This account of the man by Anna Comnena makes interesting reading: "This Robert was Norman by birth, of obscure origins, with an overbearing character and a thoroughly villainous mind; he was a brave fighter, very cunning in his assaults on the wealth and power of great men; in achieving his aims absolutely inexorable, diverting criticism by incontrovertible argument. He was a man of immense stature, surpassing even the biggest men; he had a ruddy complexion, fair hair, broad shoulders, eyes that all but shot out sparks of fire. In a well-built man one looks for breadth here and slimness there; in him all was admirably well-proportioned and elegant... Homer remarked of Achilles that when he shouted his hearers had the impression of a multitude in uproar, but Robert's bellow, so they say, put tens of thousands to flight."

It was in this anchorage that we ran into Peter and Katherine van de Geest, last seen in Sicily, the year we left the boat there for winter. It was the first time in this Covid-19 year that we had people over on our boat for a braai. It was great to catch-up. He grew up in South Africa. Yarns were told of the Medicane, most of survival but a few of tragedy.

From there we decided to go to Lefkas to sort some staysail repairs and other boat jobs. 5Nm out of the canal entrance an unpredicted 32 knot SE wind developed. We were on the second reef and tacking. It has been a season like this. We arrived at the canal entrance in time for the noon bridge opening but I decided to anchor off and wait for the wind to die. It didn't. We had lunch but we also decided that trying to get onto the town quay in 30 knots was not wise. So we took the one o'clock bridge and went through the canal in 30 dropping to 20 knots, and headed for Nidri which provided more shelter. The wind dropped totally as we came into the bay and the first mate was chuffed with the Sailing Holidays/Hotel Iris pontoon, with its fantastic pool and bar, water, electricity all thrown in for only €15 a night. We stayed for two. Here we also managed to connect and commission a guy to make a holding tank. I hired a quad-bike to take the sail to Lefkas for mending and made some progress finding people to look at the solar/battery project. Having the quad also allowed us to head up into the mountains the next morning to see a Kokkinh Monastery and have breakfast in the traditional mountain village of Karia.

Since then we have spent two nights in Paleros on the mainland. We went into the main harbour but just south of the town Neilsen have a huge harbour and hotel complex. I took a stroll over there and it was remarkable to see that they had not been operating at all this year. There must have been 70 boats floating idle and the hotel complex (dinghy and windsurfing holidays) was over grown and ghostly quiet, I didn't see a soul. It has been a tough year for many.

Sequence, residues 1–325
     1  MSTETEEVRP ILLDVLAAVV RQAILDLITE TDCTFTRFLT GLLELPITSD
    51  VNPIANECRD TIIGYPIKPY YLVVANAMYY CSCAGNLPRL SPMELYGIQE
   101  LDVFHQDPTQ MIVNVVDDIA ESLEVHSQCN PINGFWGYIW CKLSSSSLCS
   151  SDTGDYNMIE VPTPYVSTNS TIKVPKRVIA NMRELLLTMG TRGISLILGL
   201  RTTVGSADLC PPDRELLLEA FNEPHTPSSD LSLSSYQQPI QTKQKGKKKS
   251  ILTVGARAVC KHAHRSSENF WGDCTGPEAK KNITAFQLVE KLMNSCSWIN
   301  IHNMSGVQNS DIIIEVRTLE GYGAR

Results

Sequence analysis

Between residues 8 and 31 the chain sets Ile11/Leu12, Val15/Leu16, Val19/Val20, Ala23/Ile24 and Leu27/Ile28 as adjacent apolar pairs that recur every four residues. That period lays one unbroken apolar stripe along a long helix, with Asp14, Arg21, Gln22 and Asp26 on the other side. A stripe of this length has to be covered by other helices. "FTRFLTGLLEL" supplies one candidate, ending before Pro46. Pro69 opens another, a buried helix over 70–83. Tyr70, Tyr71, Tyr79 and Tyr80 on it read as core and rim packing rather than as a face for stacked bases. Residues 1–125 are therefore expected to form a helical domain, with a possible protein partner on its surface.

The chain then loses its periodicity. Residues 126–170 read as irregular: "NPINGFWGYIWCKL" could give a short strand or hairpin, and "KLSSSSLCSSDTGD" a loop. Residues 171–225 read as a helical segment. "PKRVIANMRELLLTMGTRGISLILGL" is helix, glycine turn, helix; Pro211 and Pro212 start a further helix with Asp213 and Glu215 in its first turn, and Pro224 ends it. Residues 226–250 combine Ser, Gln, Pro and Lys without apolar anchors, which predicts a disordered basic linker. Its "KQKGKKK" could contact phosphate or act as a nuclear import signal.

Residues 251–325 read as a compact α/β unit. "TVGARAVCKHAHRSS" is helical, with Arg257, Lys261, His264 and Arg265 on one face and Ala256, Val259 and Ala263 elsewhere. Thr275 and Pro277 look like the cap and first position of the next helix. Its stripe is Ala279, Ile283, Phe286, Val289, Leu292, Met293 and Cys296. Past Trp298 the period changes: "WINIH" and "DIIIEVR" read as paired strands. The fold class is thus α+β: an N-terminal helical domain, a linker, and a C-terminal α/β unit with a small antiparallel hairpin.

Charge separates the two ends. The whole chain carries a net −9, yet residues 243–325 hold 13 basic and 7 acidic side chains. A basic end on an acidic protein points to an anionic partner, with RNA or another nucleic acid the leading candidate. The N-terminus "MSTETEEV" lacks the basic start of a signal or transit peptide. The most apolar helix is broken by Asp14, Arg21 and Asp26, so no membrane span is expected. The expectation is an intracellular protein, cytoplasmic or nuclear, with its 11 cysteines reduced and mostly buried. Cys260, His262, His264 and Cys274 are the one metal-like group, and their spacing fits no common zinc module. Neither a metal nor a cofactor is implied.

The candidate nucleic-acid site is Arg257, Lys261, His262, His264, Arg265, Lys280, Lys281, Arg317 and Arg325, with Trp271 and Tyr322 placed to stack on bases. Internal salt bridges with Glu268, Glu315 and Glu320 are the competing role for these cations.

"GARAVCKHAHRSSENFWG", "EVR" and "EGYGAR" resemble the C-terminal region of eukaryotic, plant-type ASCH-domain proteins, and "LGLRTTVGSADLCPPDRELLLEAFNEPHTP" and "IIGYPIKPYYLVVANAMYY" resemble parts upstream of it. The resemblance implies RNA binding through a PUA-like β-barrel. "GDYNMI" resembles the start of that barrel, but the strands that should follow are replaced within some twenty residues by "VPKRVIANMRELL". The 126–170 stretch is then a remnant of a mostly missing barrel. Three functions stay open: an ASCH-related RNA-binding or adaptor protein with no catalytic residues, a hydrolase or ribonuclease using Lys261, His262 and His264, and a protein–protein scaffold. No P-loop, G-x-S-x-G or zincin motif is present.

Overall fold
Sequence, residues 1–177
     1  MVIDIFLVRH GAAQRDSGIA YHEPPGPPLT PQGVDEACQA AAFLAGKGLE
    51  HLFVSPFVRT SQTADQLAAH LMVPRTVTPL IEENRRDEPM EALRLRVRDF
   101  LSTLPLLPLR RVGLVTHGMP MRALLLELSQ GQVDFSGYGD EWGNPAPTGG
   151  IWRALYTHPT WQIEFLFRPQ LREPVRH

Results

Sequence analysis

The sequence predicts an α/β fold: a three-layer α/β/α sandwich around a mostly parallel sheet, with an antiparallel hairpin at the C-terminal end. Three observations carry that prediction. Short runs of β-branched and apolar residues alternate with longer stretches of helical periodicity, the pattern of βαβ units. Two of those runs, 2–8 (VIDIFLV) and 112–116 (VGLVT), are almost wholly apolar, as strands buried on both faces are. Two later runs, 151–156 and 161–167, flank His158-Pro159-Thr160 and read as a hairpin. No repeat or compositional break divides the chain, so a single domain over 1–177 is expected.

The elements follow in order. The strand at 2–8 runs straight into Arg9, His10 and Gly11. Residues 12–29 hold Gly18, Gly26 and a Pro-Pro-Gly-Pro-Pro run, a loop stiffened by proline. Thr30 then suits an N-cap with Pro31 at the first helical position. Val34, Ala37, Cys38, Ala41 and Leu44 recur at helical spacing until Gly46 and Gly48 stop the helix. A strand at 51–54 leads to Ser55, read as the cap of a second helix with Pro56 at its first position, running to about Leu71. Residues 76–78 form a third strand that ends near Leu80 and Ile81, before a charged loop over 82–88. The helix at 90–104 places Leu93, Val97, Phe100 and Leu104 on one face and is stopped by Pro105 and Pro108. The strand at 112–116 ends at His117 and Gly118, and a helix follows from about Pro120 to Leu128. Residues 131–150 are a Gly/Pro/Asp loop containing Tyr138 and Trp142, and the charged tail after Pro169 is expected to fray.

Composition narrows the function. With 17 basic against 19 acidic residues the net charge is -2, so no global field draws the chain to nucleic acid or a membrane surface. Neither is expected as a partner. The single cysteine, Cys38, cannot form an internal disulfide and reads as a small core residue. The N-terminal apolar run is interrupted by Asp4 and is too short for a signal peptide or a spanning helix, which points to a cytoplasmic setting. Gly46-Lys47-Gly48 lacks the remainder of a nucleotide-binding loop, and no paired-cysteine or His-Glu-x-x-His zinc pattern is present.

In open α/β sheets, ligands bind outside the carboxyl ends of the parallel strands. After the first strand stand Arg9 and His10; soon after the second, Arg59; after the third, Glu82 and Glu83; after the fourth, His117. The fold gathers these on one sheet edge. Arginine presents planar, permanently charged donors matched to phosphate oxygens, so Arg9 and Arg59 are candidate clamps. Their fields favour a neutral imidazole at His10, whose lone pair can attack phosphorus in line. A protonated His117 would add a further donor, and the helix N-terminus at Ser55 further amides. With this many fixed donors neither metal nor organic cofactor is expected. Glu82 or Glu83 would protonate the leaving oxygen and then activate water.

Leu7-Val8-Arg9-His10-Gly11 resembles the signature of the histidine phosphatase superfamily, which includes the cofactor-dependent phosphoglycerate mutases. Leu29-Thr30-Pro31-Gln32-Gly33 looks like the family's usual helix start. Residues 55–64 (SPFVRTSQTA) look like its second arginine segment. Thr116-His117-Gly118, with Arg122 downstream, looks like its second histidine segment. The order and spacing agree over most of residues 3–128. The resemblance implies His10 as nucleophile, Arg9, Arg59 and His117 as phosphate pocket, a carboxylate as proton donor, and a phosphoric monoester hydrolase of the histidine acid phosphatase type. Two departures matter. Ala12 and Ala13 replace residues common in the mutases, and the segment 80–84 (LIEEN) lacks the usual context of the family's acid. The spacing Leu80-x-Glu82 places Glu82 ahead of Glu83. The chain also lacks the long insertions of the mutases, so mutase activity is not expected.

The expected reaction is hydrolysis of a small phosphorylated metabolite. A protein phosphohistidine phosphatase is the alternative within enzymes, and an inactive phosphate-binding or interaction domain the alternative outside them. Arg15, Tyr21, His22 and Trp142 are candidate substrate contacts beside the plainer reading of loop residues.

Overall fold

We had breakfasts at the highly recommended Paleros Yacht Club and a light dinner with our omnipresent restaurant friends, the ubiquitous Greek cats. We also met a lovely couple, Michael and Sandra.

From there we went to Syvota on the bottom of Lefkas to find shelter from the storm with its SE veering to SW winds. We have been here 2 days and can highly recommend the 12 Gods restaurant and their pontoon. As promised I shall report on the storm last night. It did get a bit frenetic and thank goodness we were well fendered at the stern. It must have been over 30 knots but there was also a major surge coming into the bay and torrential rain. We were upstairs in the restaurant watching the boat. The first mate had been tracking the storm on her latest obsession, the Lightning Tracker app. Over the afternoon the lightning band had been making its way from Sicily and was steadily getting closer. There is an interesting picture of the app in the gallery of this blog, which shows the location of lightning strikes in the last 15 minutes. The restaurant owner got a little nervous about his pontoon and asked us to put extra lines to the quay with his and his foot soldiers help. It was difficult to stand on the pontoon in the surge but we got the lines on. Amazingly, Mario (make that Super Mario) dived in amidst, the surge, the darkness, the staccato of lightning, the violently bobbing boats and torrential rain to swim an extra bowline to the quay for our neighbours. Impressive, verging on bloody madness, one brave Romanian.

Tis' the morning and all is calm. Just before we left, we learned that Fiona and John on Ella May hadn't been able to get back on their boat last night due to a writhing pontoon and dangerously see-sawing pasarelle, so at the generous invitation of Ben and Anna, who we had also met yesterday, they spent the night with them in their villa. We're off to Nidri to fit a holding tank......yay......and ciao.